According to the AG's brief, Washington's lethal injection protocols also require:


• That the lethal injection team participate in "a minimum of three practice sessions preceding an execution that shall include the siting of intravenous lines."


• That a physician be present during an execution. The physician's function is solely to "pronounce death at the conclusion of the execution process." The physician does not assist in the siting of intravenous lines and is not present in the execution room when the execution takes place.


The AG's trial brief says: "The plaintiffs bear the burden of rebutting the presumption of constitutionality by presenting clear, objective evidence that lethal injection is cruel punishment." The AG also argues that the U.S. Supreme Court has already rejected claims that the three-drug lethal injection combination is unconstitutional.


In Washington, death row offenders have the option of death by lethal injection or by hanging. Washington has executed only two people by lethal injection - James Elledge on Aug. 28, 2001, and Jeremy Sagastegui on Oct. 13, 1998.


"Neither of those men appealed their death sentence or challenged Washington's lethal injection methods," says the brief by Stenson's attorneys.


Washington DOC spokeswoman Maria Peterson said two death row offenders in recent years have been executed by hanging - Wesley Alan Dodd in 1993 and Charles Rodman Campbell in 1994.


Although the lawsuit filed by Stenson's attorneys seeks only to create a policy for Washington's lethal injections that does not cause undue pain and suffering to the offender, a lawyer with the Washington attorney general's office who is representing the DOC in this suit thinks it has a larger goal.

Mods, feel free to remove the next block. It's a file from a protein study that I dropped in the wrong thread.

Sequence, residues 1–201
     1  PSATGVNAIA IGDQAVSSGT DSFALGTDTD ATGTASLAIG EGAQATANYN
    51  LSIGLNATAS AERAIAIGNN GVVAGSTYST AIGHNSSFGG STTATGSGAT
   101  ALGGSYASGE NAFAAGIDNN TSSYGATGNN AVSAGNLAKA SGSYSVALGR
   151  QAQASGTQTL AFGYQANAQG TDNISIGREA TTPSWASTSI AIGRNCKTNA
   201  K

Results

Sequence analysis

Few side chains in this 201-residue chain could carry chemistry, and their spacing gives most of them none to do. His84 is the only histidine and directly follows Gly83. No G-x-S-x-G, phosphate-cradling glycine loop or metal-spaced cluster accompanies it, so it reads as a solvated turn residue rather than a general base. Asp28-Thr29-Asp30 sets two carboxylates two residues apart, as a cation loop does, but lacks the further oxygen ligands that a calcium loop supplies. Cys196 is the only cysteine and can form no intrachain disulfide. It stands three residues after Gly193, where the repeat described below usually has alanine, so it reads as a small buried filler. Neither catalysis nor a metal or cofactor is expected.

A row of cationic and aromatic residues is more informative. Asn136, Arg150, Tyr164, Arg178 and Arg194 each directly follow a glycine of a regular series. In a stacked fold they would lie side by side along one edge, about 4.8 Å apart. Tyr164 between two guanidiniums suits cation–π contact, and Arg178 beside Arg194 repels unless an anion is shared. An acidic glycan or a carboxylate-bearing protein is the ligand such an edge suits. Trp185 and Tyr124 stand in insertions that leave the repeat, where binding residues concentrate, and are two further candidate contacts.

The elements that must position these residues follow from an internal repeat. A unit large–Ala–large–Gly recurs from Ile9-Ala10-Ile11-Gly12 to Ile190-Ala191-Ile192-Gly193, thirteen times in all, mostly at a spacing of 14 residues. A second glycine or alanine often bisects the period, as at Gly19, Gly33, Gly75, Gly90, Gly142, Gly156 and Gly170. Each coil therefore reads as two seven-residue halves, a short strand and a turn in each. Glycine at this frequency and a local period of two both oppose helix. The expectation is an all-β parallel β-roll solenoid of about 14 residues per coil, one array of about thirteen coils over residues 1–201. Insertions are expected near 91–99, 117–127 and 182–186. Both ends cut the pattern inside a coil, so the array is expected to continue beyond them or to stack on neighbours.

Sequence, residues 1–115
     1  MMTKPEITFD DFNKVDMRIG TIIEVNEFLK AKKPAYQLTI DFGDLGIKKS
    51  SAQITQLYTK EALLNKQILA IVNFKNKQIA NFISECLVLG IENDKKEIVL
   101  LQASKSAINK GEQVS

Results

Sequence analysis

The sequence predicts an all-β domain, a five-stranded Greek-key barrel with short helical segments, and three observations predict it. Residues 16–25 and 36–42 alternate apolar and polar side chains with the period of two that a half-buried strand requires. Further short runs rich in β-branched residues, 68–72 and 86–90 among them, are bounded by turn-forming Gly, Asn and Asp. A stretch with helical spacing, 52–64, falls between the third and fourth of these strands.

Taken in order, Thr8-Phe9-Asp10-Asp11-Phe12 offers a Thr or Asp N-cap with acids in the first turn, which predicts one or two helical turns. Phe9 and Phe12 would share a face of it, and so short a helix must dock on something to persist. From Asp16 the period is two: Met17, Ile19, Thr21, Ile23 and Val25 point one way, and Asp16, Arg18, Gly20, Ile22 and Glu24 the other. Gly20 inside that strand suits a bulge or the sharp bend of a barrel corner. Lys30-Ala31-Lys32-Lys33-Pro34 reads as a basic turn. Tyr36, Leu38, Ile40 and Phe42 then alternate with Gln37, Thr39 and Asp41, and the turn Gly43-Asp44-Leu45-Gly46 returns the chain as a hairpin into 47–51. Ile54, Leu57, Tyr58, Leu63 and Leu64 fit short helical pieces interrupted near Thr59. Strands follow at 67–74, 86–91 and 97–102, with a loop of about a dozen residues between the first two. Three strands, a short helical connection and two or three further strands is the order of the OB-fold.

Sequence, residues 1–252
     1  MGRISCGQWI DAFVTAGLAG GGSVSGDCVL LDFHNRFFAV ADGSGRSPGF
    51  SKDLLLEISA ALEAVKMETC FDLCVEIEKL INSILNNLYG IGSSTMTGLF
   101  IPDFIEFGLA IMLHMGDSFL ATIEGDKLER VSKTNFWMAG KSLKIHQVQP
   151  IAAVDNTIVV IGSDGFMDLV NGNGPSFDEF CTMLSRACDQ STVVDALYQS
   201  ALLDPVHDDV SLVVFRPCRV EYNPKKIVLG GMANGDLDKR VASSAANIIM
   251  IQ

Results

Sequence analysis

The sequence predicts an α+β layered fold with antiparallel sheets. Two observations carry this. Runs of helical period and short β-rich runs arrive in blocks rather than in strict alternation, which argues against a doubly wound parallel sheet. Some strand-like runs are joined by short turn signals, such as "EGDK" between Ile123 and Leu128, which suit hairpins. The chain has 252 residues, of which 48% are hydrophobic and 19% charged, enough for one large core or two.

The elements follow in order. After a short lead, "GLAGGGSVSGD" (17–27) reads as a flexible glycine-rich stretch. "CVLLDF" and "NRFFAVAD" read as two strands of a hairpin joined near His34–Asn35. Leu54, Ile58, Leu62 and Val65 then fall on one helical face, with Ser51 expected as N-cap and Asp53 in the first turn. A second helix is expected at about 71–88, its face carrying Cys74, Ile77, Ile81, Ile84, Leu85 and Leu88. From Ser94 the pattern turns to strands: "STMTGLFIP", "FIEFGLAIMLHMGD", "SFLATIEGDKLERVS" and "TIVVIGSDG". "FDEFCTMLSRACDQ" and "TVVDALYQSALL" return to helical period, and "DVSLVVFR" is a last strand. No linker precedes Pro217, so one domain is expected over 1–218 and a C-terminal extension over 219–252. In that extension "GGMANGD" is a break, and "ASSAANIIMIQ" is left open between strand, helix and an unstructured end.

"The state believes the purpose of this action is to prevent the executions from occurring," said Assistant Attorney General John Samson, who is trying the case with Assistant Attorney General Sara Olson.


Sherilyn Peterson, one of Stenson's attorneys, said the plaintiffs are not trying to delay the executions but only want "meaningful judicial review" of Washington's lethal injection procedures.


Peterson noted that after DOC's lethal injection team resigned in March in response to her client's suit, the state has made no efforts to reconstitute it.


Peterson said: "The state has no execution team. They all resigned and the state refuses to reconstitute the team until after this case is over. The Supreme Court and other courts reviewing the legality of state lethal injection procedures have identified the qualifications and competence of the lethal injection team as key to approving the process. The state's refusal to show that it is capable of assembling a qualified team is evidence that it cannot. We do not see how there can be any meaningful judicial review until the state reconstitutes its team."


Olson said that the volunteer members of the lethal injection team resigned because they did not want to lose their anonymity if their names were published as a result of the current death penalty litigation.


No executions are scheduled in Washington, Olson said.


"We are months, if not years, from an execution," she said.


Olson also said Peterson's claims that the state is unaware of the qualifications necessary for future lethal injection team members is inaccurate.


Olson said that of the men on death row named in the suit, Gentry has a pending federal habeas corpus hearing, and the other two plaintiffs have exhausted all of the state and federal appeals regarding their convictions and sentences.


There is a stay of execution entered in Clallam County that would prevent Stenson from being executed until additional DNA testing in his case is completed. Peterson said prosecutors in Clallam County now are trying to get that stay lifted.